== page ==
Rolex’s Newcomers Are Already Worth More Than Retail
Stocks, cryptocurrencies, and other collectibles have nothing on Rolex.
Newbies to the world of watch collecting are consistently advised to buy what they love, and to avoid looking at timepieces as investment vehicles. Yet this year, more than ever, buying a new Rolex model from an authorised dealer and selling it on the secondary market is virtually guaranteed to bring returns that (dramatically) outperform the stock market.
Take, for example, the new 36mm Rolex Explorer in Oystersteel (ref. 124270). Introduced at Watches and Wonders Geneva in April for a retail price of $9000, the model is currently valued between $13,650 and $15,300 on Chrono24, which bills itself as “the world’s largest marketplace for luxury watches.” As of Aug. 3, the reference was fetching a premium of 66.4 per cent above retail.
On Watchfinder & Co., the U.K.-based pre-owned watch retailer acquired by Richemont in 2018, ref. 124270 is going for nearly double its retail value at £9,200, or $17,369. And on Watchbox, a pre-owned retailer based in Philadelphia, the market price ranges from $14,970 to $15,500.
The new 36 mm two-tone Rolex Explorer in Oystersteel and yellow gold (ref. 124273) is also earning a significant premium on the secondary market, with prices on Chrono24 going for 32.5 per cent over its list price of $15,250 (with its estimated worth falling anywhere between $18,000 and $21,310). Meanwhile, the reference is selling for $20,400 on WatchBox, and £12,000, or $22,655 on Watchfinder.
“The price growth trajectory for new 2021 Rolex models on Chrono24 definitely follows the same pattern Rolex has proven year over year as the most consistently sought-after brand on our marketplace,” Chrono24 co-CEO Tim Stracke wrote in an email. “Values continue to tick very much upward.”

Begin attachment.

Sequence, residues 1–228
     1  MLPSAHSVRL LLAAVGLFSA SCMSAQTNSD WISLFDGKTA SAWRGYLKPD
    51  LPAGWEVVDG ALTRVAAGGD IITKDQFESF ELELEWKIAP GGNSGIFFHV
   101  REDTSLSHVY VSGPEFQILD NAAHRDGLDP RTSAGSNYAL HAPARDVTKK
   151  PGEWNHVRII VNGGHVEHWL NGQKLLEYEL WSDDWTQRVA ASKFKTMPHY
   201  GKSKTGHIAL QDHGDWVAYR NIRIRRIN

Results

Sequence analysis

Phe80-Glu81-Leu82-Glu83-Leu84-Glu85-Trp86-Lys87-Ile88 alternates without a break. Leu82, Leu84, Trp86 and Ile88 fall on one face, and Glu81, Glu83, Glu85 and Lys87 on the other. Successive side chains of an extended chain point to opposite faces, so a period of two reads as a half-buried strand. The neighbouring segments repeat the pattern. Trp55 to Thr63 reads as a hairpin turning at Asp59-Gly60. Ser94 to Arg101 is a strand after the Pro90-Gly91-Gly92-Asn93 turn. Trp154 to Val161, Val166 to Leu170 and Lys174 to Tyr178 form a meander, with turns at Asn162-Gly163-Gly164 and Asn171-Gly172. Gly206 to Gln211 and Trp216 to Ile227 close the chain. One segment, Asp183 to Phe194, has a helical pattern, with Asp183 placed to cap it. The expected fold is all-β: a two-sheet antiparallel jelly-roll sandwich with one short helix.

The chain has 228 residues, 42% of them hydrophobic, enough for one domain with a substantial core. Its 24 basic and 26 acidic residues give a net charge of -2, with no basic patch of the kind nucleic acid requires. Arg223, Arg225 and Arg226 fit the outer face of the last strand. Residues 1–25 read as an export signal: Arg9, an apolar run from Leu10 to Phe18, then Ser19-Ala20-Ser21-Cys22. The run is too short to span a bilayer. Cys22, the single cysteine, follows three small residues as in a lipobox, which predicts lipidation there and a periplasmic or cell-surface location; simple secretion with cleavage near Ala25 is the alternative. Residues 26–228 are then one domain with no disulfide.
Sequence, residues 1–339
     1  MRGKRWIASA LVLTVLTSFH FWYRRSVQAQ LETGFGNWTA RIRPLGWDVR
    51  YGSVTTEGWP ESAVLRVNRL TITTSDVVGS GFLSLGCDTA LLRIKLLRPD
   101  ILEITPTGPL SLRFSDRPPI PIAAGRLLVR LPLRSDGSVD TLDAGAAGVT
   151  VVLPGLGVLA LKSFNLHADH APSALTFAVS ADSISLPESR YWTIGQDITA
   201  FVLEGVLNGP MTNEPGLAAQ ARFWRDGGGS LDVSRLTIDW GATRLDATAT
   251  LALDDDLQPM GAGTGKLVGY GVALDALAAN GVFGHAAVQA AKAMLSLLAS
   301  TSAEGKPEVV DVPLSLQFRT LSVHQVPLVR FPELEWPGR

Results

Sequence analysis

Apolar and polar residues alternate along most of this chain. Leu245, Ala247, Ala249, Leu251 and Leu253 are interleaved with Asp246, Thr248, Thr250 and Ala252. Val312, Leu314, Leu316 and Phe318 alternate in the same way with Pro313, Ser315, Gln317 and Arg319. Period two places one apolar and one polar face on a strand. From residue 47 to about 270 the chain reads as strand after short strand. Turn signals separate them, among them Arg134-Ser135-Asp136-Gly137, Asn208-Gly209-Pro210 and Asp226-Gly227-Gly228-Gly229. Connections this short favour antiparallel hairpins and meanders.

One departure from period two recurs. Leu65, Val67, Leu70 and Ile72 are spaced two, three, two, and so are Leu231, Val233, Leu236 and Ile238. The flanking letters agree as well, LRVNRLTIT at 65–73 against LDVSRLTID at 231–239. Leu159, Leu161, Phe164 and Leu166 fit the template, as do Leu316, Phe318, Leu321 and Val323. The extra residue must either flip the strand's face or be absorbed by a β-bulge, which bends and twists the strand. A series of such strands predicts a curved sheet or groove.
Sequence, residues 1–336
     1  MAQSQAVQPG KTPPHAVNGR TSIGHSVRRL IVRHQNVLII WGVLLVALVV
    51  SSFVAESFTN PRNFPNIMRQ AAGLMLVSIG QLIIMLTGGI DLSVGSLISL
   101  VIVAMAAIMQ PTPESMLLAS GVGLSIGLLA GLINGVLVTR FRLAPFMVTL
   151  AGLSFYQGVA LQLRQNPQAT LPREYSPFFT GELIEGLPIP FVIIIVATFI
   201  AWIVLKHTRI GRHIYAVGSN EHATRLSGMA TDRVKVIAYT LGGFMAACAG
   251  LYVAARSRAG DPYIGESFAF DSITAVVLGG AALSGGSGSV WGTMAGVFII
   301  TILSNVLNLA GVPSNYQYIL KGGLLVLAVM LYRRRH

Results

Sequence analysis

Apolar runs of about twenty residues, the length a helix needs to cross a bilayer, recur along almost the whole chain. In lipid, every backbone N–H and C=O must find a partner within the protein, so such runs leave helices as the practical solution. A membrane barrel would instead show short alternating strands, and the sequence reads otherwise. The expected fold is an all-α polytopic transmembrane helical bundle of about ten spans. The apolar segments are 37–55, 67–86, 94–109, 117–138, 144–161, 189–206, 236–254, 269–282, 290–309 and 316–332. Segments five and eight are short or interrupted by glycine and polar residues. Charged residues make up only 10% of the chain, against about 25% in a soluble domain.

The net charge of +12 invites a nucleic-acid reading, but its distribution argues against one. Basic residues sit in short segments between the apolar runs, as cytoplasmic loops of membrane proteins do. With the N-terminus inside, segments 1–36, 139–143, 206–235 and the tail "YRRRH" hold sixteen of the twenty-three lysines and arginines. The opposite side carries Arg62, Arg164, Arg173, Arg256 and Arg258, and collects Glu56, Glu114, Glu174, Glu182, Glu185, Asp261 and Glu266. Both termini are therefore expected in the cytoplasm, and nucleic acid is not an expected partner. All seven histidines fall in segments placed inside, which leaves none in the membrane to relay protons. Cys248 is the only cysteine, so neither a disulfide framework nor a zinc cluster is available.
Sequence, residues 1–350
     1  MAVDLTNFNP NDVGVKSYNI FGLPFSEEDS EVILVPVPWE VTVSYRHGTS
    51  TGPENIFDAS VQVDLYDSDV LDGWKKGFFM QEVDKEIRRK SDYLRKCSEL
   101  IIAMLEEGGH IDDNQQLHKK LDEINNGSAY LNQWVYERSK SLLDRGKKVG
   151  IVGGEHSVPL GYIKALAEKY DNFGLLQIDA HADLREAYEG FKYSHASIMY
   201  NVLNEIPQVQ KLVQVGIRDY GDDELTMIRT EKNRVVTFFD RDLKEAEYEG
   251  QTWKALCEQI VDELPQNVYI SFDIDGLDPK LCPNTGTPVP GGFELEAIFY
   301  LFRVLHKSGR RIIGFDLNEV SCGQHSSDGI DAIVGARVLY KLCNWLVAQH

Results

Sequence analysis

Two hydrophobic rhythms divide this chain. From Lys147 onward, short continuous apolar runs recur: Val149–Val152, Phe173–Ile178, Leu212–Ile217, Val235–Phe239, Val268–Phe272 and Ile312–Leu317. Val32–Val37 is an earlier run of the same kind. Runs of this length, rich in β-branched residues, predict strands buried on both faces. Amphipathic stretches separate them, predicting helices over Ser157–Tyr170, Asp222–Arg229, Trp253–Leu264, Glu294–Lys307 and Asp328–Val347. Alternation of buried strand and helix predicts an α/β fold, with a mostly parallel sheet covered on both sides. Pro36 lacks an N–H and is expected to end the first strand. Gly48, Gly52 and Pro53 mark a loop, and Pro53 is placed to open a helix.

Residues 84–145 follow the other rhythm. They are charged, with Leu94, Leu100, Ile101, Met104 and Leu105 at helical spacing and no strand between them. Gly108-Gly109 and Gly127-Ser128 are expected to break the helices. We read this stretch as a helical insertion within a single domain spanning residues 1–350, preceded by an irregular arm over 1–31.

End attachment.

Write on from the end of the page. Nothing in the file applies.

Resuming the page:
The frenzy on the secondary market has reached a fever pitch, say dealers.
“I took a week off and everything has gone up—again,” Carol Altieri, chief operating officer of the online pre-owned Rolex dealer Bob’s Watches, wrote in an email. “Prices are up 30 per cent almost across the board on not only the Rolex ‘regular’ hot sport models, but all models, from ladies’ models to Datejusts and Cellinis. It must be getting boring to hear this!”
The new Explorer II (ref. 226570), which retails for $12,400 “is the most elusive right now,” says Altieri. “We pay 20-30 per cent over retail, and they sell as soon as we put them on site, at 10 per cent profit. Not sure where the market is going to take this one yet. The white dial Explorers have always commanded a higher value than the black.”
The Explorer II noted above is available for nearly two times its retail value on Chrono24. The same is true on Watchfinder. There, the white dial version of ref. 226570 is selling for £11,950, or about $21,320 while the black dial version is priced slightly lower at £11,450, or about $21,600.
In short, virtually every Rolex model introduced in April—from the references noted above to the yellow gold Daytona with the meteorite dial (ref. 116508), which retails for $57,850 but lists for £66,950, or $126,400, on Watchfinder—is selling well above retail.